NLRB Issues First of Its Proposed Changes to Union Election Rules
Time 3 Minute Read
NLRB Issues First of Its Proposed Changes to Union Election Rules

The National Labor Relations Board has issued the first part of its planned series of revisions to labor union election procedures.  The revisions arrive five years after the Obama-era Board’s controversial 2014 changes that created the so-called “ambush election” procedures.

On August 12, a three-member majority, over a one-member dissent, issued a 113-page proposed rule that would modify three of the Board’s election processes: (1) its handling of “blocking charges,” (2) the restriction on elections after an employer’s voluntary recognition of a union, and (3) the standard for contractually-negotiated recognition of a union in the construction industry.

A “blocking charge” is an unfair labor practices (ULP) charge, sometimes filed by a labor union seeking to delay an election to decertify the union as the employees bargaining representative in hopes that employee interest in decertification will dissipate during the time (sometimes months) it takes for the Board to investigate and adjudicate the ULP charge.  Under the current rules, elections are generally delayed until the blocking charges are resolved.  The proposed amendment would modify the rules to establish a “vote-and-impound procedure” whereby an election would be held regardless of whether a blocking charge was filed, but the ballots cast in the election would be impounded by the Board until the blocking charge is resolved.

The proposed amendments also would change the voluntary recognition bar, which currently prohibits challenges to whether a union has majority support for a “reasonable period of time” after the union is voluntarily recognized by an employer.  The proposed rule would return the Board’s election procedures to a Bush-era standard, which established a 45-day period following an employer’s voluntary recognition of a union, during which the employees in the bargaining unit would be permitted to file a petition for an election to decertify the union.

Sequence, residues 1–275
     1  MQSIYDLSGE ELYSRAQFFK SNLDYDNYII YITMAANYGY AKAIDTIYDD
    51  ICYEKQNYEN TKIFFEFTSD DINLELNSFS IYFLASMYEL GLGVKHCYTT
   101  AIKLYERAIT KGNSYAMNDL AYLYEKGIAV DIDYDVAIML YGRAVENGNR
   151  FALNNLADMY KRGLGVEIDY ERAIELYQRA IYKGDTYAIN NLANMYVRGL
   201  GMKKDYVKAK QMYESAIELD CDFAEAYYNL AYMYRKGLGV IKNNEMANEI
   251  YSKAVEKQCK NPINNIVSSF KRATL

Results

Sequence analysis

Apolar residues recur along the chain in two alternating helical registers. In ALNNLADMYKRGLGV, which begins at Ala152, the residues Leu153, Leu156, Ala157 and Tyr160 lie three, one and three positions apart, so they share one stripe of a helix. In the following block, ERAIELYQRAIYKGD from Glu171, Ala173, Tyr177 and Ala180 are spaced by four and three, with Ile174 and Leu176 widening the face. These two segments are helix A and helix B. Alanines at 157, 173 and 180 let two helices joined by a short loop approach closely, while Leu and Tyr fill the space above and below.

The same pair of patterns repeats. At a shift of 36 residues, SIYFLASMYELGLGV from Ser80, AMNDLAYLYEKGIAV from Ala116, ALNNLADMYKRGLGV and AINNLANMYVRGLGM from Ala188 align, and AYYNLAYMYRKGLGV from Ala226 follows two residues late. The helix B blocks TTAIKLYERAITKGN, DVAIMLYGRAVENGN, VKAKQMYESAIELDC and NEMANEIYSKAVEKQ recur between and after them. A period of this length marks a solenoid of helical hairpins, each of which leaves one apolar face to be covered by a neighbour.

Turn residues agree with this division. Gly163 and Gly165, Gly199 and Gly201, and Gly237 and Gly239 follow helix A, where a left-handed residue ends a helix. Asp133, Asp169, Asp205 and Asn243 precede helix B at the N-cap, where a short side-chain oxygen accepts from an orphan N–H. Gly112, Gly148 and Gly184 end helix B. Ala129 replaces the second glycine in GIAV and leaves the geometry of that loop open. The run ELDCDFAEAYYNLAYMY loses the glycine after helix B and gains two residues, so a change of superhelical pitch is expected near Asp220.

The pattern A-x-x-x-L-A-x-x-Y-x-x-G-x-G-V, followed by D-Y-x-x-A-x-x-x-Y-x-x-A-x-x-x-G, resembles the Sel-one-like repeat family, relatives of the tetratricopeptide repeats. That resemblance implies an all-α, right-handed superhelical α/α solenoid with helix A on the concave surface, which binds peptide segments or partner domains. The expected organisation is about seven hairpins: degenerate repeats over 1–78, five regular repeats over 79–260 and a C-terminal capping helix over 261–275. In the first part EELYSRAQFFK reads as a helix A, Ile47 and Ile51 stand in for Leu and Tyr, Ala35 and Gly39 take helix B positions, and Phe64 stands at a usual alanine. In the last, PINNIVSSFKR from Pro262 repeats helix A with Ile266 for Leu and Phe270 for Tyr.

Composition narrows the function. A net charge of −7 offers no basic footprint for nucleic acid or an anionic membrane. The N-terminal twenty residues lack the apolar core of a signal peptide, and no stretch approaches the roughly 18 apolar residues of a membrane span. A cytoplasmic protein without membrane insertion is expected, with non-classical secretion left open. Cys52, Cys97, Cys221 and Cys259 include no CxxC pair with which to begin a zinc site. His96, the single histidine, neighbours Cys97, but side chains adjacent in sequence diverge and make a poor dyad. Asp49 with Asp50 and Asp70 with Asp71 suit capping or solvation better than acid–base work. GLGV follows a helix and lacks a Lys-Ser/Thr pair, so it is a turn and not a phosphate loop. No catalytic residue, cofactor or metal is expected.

Finally, the amended rule would heighten the standard required in the construction industry for a union to be contractually recognized in negotiations with the employer.  Currently, under Section 8(f) of the NLRA, construction industry employers and unions can agree to terms allowing the union to represent employees without first being certified through an election, simply by setting forth such terms in the collective bargaining agreement and stating that the union has a majority of the employees’ support to do so.

The amended rule would require that in order for a union to be recognized as the employees’ bargaining representative the parties would have to do more than simply include such language in the CBA.  Rather, the union would have to provide “extrinsic evidence” that shows its recognition “was based on a contemporaneous showing of majority employee support,” which could include employee signatures on union authorization cards or a petition.  The Board reported that this was necessary because contractually-negotiated representation, like the conventional election process, triggers the three-year bar on processing new petitions for representation, so employers and unions should be required to provide better evidence of majority support before negotiating employees’ rights.

The proposed rule was published in the Federal Register on Monday, August 12, and is open to public comment for 60 days.  The first round of proposed changes did not address many of the more controversial aspects of the current election rules, and it remains to be seen what the future amendments will hold.

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